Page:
A warm welcome for François Tissot who joined EAPS in January 2016 as the new W.O. Crosby Postdoctoral Fellow.
Tissot grew up in a small village in the countryside South-East of Bordeaux (France). He has always had a keen interest in space exploration but had mostly kept it as a hobby. While training as an engineer at the Ecole Nationale Supérieure de Géologie (ESNG, Nancy), he took a Geochemistry/Cosmochemistry class. Learning about the chemical evolution of the solar system and the planets, he quickly became hooked.
Tissot did his Ph.D under the supervision of Prof. Nicolas Dauphas in the Origins Lab at the University of Chicago. His thesis work was split between two main projects. In the first, Tissot studied inclusions from a pristine meteorite named Allende to try and determine whether a specific element, Curium, was present at the formation of the Solar System. While this may seem like an odd question to ask, there has been a lot of debate about this in the past 35 years because the abundance of Curium in the early solar nebula is a crucial parameter for models of stellar evolution and the synthesis of elements in stars. The second problem centered on trying to estimate oxygen levels in the deep ocean through Earth history. While these two topics may appear unrelated, it turns out that they can be studied using the same “tool”: the variations in the abundance of the two major isotopes of uranium (235U and 238U).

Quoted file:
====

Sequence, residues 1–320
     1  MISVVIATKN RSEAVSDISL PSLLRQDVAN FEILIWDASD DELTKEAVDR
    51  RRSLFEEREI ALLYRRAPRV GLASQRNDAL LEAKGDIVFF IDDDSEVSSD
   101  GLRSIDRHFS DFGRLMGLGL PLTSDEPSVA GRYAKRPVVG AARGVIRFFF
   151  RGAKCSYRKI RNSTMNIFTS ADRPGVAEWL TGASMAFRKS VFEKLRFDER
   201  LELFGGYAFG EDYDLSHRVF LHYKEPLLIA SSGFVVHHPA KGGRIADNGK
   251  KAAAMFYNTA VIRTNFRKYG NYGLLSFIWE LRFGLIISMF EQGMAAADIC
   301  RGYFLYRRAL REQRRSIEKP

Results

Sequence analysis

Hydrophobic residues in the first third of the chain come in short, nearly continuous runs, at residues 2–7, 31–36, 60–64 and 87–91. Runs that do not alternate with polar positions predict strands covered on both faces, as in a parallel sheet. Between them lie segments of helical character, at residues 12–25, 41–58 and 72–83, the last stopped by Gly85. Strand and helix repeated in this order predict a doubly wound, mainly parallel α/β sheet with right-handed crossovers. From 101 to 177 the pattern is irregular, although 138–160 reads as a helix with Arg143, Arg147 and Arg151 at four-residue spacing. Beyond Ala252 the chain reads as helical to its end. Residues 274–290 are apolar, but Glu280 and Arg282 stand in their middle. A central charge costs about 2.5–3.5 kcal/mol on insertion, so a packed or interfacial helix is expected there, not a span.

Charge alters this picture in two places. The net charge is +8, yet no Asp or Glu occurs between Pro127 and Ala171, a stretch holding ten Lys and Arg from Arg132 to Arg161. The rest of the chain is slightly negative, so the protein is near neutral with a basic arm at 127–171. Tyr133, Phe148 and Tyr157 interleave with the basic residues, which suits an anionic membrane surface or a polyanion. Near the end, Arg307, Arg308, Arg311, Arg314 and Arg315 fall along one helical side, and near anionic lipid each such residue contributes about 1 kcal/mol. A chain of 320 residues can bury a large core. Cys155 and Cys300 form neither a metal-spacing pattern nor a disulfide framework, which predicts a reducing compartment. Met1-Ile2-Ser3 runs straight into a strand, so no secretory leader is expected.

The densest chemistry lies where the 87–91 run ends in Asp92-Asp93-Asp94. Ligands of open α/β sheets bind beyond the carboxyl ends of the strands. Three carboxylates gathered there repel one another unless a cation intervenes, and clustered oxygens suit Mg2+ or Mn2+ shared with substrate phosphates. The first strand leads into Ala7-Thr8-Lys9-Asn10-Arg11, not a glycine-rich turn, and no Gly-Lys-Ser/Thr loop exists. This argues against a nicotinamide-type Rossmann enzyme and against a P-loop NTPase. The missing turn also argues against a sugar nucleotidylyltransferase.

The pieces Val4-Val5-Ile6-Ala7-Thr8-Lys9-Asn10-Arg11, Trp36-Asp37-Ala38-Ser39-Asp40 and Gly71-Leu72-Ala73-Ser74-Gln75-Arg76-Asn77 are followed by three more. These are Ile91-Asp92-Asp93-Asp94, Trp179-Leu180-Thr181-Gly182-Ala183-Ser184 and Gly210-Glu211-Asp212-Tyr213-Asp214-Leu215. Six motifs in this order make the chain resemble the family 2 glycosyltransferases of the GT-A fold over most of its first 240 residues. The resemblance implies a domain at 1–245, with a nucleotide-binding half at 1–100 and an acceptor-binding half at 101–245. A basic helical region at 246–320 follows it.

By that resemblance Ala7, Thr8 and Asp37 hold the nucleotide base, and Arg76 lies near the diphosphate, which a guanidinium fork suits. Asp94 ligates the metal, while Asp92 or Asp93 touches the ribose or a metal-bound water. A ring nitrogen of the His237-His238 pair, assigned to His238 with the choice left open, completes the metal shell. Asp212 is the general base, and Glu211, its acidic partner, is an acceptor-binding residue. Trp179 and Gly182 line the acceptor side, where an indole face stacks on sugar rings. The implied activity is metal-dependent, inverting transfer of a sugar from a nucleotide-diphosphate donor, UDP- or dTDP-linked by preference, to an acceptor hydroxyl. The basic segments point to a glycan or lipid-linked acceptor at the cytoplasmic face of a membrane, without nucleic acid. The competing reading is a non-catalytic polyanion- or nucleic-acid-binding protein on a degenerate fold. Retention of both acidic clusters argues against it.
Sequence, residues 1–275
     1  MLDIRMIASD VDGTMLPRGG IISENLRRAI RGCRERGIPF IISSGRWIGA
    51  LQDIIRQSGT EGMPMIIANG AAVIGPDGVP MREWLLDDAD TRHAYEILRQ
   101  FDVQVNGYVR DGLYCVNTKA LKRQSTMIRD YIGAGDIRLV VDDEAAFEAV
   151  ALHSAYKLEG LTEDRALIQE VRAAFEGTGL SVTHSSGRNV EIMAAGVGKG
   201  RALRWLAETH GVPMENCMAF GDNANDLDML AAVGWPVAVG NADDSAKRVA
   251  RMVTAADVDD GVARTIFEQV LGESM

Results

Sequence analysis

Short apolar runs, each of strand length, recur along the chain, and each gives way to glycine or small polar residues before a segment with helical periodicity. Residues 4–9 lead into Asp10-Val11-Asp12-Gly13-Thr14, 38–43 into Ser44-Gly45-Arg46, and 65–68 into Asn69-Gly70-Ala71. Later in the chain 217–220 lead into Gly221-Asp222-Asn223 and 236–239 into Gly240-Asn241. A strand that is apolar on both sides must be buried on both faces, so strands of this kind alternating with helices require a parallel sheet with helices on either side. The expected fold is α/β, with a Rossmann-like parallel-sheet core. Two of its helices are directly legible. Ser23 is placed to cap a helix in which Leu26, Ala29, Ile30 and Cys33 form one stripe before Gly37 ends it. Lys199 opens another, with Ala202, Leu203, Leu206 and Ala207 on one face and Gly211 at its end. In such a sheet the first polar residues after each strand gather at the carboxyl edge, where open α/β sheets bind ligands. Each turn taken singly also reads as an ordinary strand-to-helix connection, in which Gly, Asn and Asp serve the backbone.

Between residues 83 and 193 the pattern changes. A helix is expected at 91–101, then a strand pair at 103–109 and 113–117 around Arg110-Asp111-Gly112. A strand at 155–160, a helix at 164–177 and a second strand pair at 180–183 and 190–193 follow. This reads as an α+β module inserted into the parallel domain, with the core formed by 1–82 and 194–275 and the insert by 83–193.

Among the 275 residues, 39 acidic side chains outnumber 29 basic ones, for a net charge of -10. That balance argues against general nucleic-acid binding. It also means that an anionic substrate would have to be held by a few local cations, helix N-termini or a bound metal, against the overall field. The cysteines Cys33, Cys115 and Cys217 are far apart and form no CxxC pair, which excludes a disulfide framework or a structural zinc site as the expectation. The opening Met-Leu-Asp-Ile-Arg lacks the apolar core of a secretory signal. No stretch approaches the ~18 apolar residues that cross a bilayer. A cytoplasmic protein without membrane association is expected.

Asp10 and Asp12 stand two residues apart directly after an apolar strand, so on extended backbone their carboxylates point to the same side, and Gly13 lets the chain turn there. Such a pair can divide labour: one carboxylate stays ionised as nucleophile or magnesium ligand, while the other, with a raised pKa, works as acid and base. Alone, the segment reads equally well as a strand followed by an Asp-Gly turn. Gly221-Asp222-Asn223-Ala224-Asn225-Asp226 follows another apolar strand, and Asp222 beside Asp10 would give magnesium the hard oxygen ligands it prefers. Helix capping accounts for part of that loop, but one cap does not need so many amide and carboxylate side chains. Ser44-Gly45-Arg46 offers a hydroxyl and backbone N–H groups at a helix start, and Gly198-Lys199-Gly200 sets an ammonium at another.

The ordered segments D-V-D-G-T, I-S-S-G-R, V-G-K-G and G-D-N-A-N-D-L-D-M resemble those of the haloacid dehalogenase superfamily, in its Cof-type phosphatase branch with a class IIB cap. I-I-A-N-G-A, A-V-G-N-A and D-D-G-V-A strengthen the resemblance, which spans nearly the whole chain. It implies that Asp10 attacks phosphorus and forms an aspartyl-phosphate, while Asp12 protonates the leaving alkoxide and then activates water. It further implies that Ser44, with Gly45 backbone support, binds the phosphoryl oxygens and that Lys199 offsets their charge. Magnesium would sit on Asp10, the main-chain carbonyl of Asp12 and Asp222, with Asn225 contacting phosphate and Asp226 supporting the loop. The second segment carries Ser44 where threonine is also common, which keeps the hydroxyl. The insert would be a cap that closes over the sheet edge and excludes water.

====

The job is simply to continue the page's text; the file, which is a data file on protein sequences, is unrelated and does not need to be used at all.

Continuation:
Some of Tissot’s current work is the natural continuation of his PhD. He says “there is, for instance, a lot left to do with regards to understanding the redox conditions in the ocean through time.” His primary love, however, is cosmochemistry, and one of his goals is to use the unique collection of meteoritic inclusions he gathered during his PhD to answer others questions regarding the physical and chemical conditions prevailing in the early Solar System.
“I was absolutely honored and thrilled to be offered the Crosby Fellowship. The culture of technological development that prevails at M.I.T. immediately appealed to me, because analytical advances are one of the core components of isotope geochemistry. Furthermore, the body of faculty at EAPS is extremely diverse. One can easily see the benefit of pursuing research in such an environment, being in contact with very bright yet very different researchers. I am excited at the idea of bringing my expertise to the EAPS community and grow from my interactions with its current members.”
In his free time François enjoys amateur photography and rock climbing.